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Biden: People can Barely Pay To Fill Up Their Gas Tank

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posted on Oct, 10 2012 @ 08:08 PM
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reply to post by neo96
 

To have someone to blame when we screw up? No, I will agree to disagree. Markets and futures set the prices of oil. If we allow them to drill more, it will still be sold to the highest bidder. The game is rigged, they are not going to suddenly drop prices just to be nice guys. The price fluctuates based on demand...aka...they know when people will suck it up and buy gasoline at whatever price to go see Grandma at Christmas or the beach in the summer.

Look...I'm all for Gov "Getting OUT!" of business. I'm not ready for DuPont to start pouring chemicals into the rivers again but lets face it...regulation has lost any shred of common sense it ever had. I know a guy who is a steel fabricator. He has to ship things out of state to get special coatings applied because his state has ridiculous VOC limitation laws. Guess what? The VOC gets sprayed somewhere...the coatings will be applied. Are we going to get to a point we have to send 500 tons of industrial steel framing to Thailand to get a corrosion resistant 3 coat epoxy system applied?

But wanting Gov out of business means I don't want to see subsidies either. Stand or fall. If you need Gov subsidies...you suck at whatever it is you are doing and should die on the vine. I'm not for subsidies to energy, to transportation...and...people gonna hate on me for this...I'm against subsidies paying farmers NOT to produce. Let them produce, sell it to the starving countries....beats paying out tax dollars for land to go fallow.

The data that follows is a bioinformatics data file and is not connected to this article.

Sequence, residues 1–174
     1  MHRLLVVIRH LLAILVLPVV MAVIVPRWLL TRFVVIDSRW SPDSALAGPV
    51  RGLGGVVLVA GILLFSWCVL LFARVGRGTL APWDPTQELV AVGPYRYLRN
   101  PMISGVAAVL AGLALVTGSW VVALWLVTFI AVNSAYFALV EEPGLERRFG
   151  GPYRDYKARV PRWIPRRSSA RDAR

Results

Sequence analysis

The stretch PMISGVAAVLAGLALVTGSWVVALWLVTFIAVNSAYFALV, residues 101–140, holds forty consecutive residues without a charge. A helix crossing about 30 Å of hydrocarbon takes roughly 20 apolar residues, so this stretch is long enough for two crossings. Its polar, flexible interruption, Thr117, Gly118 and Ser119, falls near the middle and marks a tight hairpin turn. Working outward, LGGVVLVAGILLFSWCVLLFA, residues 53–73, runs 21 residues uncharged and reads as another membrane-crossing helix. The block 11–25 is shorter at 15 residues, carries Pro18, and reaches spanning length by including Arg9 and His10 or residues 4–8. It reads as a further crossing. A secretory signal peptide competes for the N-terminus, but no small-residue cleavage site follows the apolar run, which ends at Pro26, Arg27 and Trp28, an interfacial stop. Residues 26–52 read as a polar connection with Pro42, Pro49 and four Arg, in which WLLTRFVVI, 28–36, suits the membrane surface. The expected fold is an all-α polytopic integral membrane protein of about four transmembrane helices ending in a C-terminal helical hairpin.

The Pres and the federal gov is there to protect us and represent us in the world arena. The States should handle "inter-state" commerce, not the fed. The states should have the power...the fed should be a mouthpiece for us on the world stage....but we see that is not the case




posted on Oct, 10 2012 @ 08:08 PM
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Originally posted by neo96
reply to post by Kali74
 


Considering we are still in the middle east and we went to war for oil say that isn't true.

Or the fact the Us went to war in the middle east for oil is not true.

Or we are exporting what "we stole" from the middle east!!!!!
This is why I asked, in a direct response to YOUR POST!!!!!

You are a funny guy, thanks for the chuckles.



posted on Oct, 10 2012 @ 08:10 PM
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If you want to really get to the bottom of it, find out which legislators are on the take from oil lobbies.
I'd say that the oil companies, the IRS, and most of the cats on the hill are laughing all the way to the bank.



posted on Oct, 10 2012 @ 08:12 PM
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reply to post by Jeremiah65
 


Phenomenal points.
Thank-you.



posted on Oct, 10 2012 @ 08:25 PM
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reply to post by Jeremiah65
 





To have someone to blame when we screw up? No, I will agree to disagree. Markets and futures set the prices of oil


So regulations,taxes,and the EPA has no effect on gas prices.

Sorry the world market dictates the price of crude, then that boils down to federal and state goverment policies that directly effect the price at the pump.

Which is why no country in the world pays the same price at the pump, No two states from east coast to west coast pays the same price at the pump.